In the 1950s and 60s, architects, designers and artists such as Horst Bauer, Josef Kaiser, Fritz Kühn, Regina Junge and Klaus Wittkugel gave the utopias of GDR modernity an aesthetic form along Karl-Marx-Allee. The architecture of free flowing space stood for social equality and reflected the ideas of the modern socialist system. Drawing from avant-garde concepts formulated by Le Corbusier and the Bauhaus in the 1920s, they created an environment inspired by futuristic themes such as outer space.
For their digital intervention Simultaneity, Joachim Blank, Karl Heinz Jeron and Sakrowski have created an obstacle course made up of 19 carefully selected geographical points. A map provides a QR code for each of these points. The codes can be scanned on smart phones or tablets to show site-specific augmented reality objects. The walking tour guides visitors to representative areas of the boulevard via symbolic narrations. Visitors will also be led to the second row of Karl-Marx-Allee’s residential buildings. Located farther back from the street itself, this area offers more idyllic spaces in nature that are often surreal in character and invite pedestrians to linger and play.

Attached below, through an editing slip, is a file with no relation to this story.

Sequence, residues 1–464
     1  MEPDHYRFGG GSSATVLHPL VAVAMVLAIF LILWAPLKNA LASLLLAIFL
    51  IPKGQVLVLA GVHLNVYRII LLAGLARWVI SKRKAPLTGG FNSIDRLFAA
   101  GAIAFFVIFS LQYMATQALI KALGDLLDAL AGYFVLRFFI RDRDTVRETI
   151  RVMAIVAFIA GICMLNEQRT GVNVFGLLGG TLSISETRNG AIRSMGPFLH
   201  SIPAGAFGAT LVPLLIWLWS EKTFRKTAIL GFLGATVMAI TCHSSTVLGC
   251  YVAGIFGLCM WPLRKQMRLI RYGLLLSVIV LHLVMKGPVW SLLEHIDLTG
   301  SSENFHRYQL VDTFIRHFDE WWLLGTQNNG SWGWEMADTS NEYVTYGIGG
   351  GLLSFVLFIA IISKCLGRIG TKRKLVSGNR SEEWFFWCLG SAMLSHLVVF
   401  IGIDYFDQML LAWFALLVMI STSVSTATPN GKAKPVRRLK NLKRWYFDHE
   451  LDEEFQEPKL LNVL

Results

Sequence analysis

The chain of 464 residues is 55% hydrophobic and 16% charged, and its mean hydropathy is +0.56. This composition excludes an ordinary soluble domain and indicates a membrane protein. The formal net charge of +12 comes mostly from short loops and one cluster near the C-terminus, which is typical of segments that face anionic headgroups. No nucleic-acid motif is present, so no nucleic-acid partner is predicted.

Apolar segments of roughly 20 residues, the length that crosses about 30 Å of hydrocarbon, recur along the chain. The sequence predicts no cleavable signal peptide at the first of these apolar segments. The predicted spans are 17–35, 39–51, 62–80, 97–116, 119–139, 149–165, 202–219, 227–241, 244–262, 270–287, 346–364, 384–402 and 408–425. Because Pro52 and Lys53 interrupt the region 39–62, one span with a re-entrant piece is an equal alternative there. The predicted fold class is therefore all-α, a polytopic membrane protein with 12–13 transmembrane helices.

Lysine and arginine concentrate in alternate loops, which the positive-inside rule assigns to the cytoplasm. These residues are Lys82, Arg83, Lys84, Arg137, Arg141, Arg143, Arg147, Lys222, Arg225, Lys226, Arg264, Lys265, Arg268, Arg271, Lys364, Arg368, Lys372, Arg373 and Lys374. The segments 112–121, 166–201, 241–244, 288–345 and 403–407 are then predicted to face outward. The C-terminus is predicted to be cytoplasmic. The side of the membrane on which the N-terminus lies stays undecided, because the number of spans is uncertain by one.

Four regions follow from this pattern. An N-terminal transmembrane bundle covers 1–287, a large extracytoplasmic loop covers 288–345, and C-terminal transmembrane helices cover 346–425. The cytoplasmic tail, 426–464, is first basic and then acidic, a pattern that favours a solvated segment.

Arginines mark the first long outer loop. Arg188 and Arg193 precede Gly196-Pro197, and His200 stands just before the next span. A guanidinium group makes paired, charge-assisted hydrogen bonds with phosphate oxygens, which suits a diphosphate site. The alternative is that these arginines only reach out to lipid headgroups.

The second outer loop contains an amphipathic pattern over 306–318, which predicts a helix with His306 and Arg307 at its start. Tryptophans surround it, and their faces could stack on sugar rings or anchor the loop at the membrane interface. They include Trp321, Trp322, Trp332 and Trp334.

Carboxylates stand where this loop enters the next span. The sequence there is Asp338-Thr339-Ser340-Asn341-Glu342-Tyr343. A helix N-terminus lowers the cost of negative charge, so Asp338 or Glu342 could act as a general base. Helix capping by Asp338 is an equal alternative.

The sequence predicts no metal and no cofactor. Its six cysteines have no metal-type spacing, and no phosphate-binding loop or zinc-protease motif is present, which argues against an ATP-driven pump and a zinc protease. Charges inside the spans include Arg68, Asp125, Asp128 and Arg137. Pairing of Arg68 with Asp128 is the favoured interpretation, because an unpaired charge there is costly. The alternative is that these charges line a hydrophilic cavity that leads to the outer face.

The expanded reality of Simultaneity connects the aesthetics of Socialist Realism to the last thirty years of computer game design. Relics of the past such as Sputnik or the Lenin memorial torn down in 1991 encounter contemporary figures like Lara Croft or the Hulk in the present. Objects that have long been removed from public view become visible once more with the help of augmented reality technology. Baldur Schönfelder’s game device Moon Station, for example, returns as a virtual sculpture. An interactive element enables users to project hashtags into urban space and publish these on social media.